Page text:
Judge does not expect Confederate Monument context to be added until 2019

Judge does not expect Confederate Monument context to be added until 2019

Judge does not expect Confederate Monument context to be added until 2019
May 30
23:51 2018

Denton County Judge Mary Horn does not expect  Confederate monument historical context to be added until 2019 at the earliest, according to an email obtained by the North Texas Daily.

“It’s going to take time,” Horn said. “These things do, which is not making some people happy, but I think it is going to be worth the wait.”

The Confederate monument committee, a 15 person group, met for three months, discussing the statue currently on the square. They brought their unanimous recommendation to the Commissioners Court on February 6, which called for adding historical context to the statue.

Every commissioner accepted the recommendation and they, along with the Denton County Office of History and Culture, started exploring potential avenues for context. The committee’s proposal involved adding a plaque under the archway that declaims slavery and video kiosks on both sides.

When the Office of History and Culture determine the historical context, the Commissioners Court will make the ultimate decision and send a proposal to the Texas Historical Commission.

Horn hopes to have the proposal sent by November receive feedback by February. 

The director of public information and education for the Texas Historical Commission, Chris Florance, said the monument is a state antiquity landmark, which requires permits for anything beyond simple maintenance.

When they get the proposal from the Commissioners Court, the Texas Historical Commission will review it before sending a permit and requesting additional documentation.

“We would be looking at the proposal from the perspective of architectural and historic integrity at the site,” Florance said.

The Confederate monument committee chairman John Baines sent a letter to the Commissioners Court on April 23 highlighting observations, recommendations and promises. Baines asked for bi-weekly or weekly updates on their progress in adding historical context.

“The absence of updates and reported program have left the natives very restless and doubting,” Baines wrote in the letter.

Horn emailed Baines a response on April 26. She wrote that his ideas are “thoughtful, clearly outlined, and to the point.” She said Peggy Riddle, director of the Office of History and Culture, will make any public updates during commissioner court meetings.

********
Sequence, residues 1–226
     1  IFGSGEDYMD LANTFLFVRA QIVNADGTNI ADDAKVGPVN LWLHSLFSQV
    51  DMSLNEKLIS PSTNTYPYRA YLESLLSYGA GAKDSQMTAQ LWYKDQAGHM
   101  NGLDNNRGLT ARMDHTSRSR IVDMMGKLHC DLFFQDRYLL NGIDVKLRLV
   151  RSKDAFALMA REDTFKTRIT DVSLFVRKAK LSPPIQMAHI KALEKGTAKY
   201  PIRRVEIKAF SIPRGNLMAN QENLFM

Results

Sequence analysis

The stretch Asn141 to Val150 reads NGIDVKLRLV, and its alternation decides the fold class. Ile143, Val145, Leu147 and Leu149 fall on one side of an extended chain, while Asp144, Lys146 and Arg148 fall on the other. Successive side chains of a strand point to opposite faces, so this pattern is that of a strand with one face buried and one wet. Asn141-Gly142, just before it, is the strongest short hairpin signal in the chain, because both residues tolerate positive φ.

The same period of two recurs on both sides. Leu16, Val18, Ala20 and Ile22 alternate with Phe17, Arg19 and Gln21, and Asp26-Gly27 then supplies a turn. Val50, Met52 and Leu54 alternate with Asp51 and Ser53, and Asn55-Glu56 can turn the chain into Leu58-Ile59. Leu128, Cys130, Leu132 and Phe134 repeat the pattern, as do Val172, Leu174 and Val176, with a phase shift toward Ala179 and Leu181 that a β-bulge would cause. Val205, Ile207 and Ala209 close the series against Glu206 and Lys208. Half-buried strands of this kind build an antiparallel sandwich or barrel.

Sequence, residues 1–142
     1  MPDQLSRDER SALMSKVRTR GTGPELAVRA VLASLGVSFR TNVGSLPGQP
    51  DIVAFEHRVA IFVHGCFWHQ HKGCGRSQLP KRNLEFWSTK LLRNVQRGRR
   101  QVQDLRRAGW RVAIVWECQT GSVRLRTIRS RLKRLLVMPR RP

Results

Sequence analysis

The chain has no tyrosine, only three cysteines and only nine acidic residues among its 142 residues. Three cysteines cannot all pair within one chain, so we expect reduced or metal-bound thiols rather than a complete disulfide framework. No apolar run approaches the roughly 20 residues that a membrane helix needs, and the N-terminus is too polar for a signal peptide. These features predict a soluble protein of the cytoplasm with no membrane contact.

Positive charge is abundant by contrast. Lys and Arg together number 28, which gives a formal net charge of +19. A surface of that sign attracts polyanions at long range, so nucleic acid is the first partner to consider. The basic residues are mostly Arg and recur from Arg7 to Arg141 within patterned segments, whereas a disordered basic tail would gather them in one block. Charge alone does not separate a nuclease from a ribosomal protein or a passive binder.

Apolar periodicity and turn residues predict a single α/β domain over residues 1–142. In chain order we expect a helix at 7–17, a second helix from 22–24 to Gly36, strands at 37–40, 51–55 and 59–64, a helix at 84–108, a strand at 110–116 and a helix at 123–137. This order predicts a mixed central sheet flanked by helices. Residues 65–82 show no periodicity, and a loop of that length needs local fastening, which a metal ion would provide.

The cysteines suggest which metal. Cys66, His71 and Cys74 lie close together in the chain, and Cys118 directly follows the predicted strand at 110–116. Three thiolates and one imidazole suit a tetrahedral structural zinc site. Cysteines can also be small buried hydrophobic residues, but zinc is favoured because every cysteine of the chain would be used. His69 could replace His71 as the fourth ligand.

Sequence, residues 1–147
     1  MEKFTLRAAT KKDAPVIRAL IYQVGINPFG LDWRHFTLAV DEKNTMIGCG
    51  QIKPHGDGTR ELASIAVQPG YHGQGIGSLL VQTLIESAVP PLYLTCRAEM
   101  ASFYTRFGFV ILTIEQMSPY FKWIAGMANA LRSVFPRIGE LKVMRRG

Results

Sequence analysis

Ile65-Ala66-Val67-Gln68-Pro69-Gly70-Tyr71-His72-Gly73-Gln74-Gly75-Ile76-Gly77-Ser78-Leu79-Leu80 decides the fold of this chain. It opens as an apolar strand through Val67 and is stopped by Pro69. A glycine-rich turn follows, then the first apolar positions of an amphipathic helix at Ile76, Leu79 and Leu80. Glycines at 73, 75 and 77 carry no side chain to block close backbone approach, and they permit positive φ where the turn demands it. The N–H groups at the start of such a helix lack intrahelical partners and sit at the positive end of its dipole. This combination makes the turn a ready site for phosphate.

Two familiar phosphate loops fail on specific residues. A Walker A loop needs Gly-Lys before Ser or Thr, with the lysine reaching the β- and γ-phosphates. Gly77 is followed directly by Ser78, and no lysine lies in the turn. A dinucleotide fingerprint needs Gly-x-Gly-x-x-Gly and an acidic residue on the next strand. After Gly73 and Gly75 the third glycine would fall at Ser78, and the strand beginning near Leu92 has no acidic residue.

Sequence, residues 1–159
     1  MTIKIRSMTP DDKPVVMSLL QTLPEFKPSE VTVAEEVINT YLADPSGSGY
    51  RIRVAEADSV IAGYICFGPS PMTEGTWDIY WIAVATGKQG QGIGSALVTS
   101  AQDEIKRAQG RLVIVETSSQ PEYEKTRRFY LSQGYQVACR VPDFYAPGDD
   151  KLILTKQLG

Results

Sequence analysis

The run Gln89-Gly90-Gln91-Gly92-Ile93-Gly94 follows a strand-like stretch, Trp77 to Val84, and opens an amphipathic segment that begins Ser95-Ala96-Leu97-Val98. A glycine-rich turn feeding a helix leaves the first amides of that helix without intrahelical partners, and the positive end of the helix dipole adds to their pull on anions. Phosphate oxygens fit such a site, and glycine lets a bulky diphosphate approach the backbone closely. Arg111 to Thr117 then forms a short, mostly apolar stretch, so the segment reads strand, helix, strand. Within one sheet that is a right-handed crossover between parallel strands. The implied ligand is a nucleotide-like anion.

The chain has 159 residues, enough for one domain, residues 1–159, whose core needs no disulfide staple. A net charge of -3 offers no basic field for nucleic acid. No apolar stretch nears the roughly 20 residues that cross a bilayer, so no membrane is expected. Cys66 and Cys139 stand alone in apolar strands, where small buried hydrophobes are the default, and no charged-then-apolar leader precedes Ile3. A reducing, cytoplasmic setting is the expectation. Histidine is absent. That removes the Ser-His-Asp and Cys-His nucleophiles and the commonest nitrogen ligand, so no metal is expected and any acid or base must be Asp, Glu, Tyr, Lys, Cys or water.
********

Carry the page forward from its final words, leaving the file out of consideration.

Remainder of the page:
The last update was on April 17 and Riddle said she welcomes ideas and information from committee members and the general public.

“I urge anyone who would like to give me some ideas to contact me,” Riddle said.

She wrote that the many agencies involved, fiduciary guidelines, costs, equipment and research will cause the process to be a long one. Horn gave the example of the Denton County All War Memorial, which took “over five years to go from an idea to unveiling.”

The County judge also said Riddle was sidelined by the fire at the Downtown Mini Mall, which damaged the courthouse as well. It took two weeks to send damaged items to conservators.

“The Confederate monument took a back seat to getting those things cleaned up,” Horn said. “It had to be.”

As for the context being discussed Horn is not a fan of outdoor kiosks because they will be hard to see in the sun and subject to vandalism. She recommends a QR code that will direct people to the kiosks inside.

“Putting the kiosks out there is just asking for trouble,” Horn said.

The cost estimate has not been determined, but funding may come from the Texas Historical Commission and donations. Horn does not plan on spending tax money on the project.

 When context is eventually added “most everybody is going to be happy except Willie Hudspeth,” Horn said. Hudspeth is a local activist who has been protesting the monument since 1999.

“They never change and they have never entertained anything than just leaving the statue there,” Hudspeth said.

Horn said he has a right to his opinion and she respects his tenacity.

“I’m not sure what would make Willie Hudspeth satisfied because, from time to time, he asks for different things,” Horn said. “He wants it moved, then he wants it taken down, then he wants more context.”

Hudspeth wants the committee to include more members of the community.

“I would suggest they involve the citizens,” Hudspeth said. “I think things will turn out better if we all talk about [the statue.] I don’t want it to be a selected group that just dictates what they want done.”

Horn said a vast majority of people who contacted her outside of commissioner court meetings wants the statue to be left alone.

“While the committee members and some members of the community may want something to happen immediately, the reality is, it cannot,” Horn wrote in the email. “Everyone just needs to be patient as the process continues.”

Featured Image: The confederate monument on the square has been causing controversy for some time now. The courthouse and surrounding areas are a historical site. Josh Jamison

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Devin Rardin

Devin Rardin

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